House Speaker Nancy Pelosi and Senate Democratic leader Chuck Schumer announced at a news conference on Friday that they had offered to “go down a trillion” from their top-line number of $3.4 trillion, if Republicans would go up $1 trillion from their initial offer of $1 trillion.
But Treasury Secretary Steven Mnuchin told reporters shortly afterward that the request for GOP negotiators to increase their offer by $1 trillion, putting the top-line number at around $2 trillion, is “a non-starter.”
Asked by a reporter about Pelosi’s request and if it is in the cards, White House chief of staff Mark Meadows said, “I don’t think so.”
“I don’t know that that’s a reduction, as much as she is just changing the time frames. I don’t think she’s come off with her number, other than just made a shorter time,” Meadows added.
Pelosi and Schumer suggested on Friday that they would not be open to a number lower than $2 trillion, arguing that such a plan would fail to win over a sufficient number of Democrats in both chambers.
“The House doesn’t have the votes to go south of $2 trillion, the Senate Democrats can’t go south of 2 trillion, so that’s what compromise is all about,” Schumer said. “Because there are 20 Republicans who don’t want to vote anything that doesn’t mean the whole thing should shift in their direction. You have to meet in the middle.”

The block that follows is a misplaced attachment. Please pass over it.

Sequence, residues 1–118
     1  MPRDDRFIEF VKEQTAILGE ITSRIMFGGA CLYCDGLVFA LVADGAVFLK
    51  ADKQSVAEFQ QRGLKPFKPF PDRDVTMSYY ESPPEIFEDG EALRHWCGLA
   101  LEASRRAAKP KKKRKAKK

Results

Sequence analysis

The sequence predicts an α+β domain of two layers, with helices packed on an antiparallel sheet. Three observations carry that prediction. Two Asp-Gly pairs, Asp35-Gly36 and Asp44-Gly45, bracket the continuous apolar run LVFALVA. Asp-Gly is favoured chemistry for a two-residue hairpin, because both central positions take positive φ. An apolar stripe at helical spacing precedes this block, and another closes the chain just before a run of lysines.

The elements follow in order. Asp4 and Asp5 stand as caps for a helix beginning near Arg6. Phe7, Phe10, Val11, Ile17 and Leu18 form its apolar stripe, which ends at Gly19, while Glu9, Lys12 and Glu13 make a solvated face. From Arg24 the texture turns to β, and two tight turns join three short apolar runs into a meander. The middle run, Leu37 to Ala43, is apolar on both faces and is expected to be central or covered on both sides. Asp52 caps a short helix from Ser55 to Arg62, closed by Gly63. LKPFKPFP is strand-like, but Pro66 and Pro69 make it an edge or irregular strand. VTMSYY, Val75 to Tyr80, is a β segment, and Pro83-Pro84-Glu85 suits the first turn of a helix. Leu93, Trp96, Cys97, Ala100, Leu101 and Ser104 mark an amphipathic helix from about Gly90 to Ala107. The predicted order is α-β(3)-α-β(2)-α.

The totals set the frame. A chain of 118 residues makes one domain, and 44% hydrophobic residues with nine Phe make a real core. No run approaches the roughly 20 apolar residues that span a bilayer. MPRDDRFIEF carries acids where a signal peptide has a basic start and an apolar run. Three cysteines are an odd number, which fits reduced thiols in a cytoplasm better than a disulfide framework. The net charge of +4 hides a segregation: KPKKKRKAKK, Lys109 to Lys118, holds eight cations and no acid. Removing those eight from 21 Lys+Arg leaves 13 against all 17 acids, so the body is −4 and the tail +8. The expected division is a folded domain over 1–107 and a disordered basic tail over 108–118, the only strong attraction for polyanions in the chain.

Meanwhile, Senate GOP leaders do not think that anything above $2 trillion could pass the Senate.
On a private call with GOP senators earlier in the day on Friday, Mnuchin and Meadows said they believed that the Democrats’ demand for nearly $1 trillion for state and local government is the biggest sticking point over a deal, multiple sources told CNN.
They also argued Democrats have not moved off their positions or proposed things that the GOP could accept. For instance, the officials said, Democrats are pushing for permanent student loan forgiveness as part of the deal.
The divergence between the two sides on a top-line number has become a major obstacle in the talks along with other disagreements about a variety of policy issues that would make up an overall deal.
Democrats have argued that passing anything less than a large-scale package is a non-starter and have pushed back against the idea of passing anything piecemeal, while Republicans have accused them of holding up progress toward passing a smaller package that would deal with issues of common ground.
As the odds of a deal look increasingly slim, finger pointing has intensified on both sides.
“My frustration is that we could’ve passed a very skinny deal that dealt with some of the most pressing issues,” Meadows said Thursday evening.
Schumer was critical of Meadows on Friday, calling him “non-compromising.”
“His positions are quite hardened and non-compromising, more-so than Mnuchin,” Schumer said of Meadows when asked if he is negotiating in good faith.
CNN’s Kristin Wilson contributed to this report.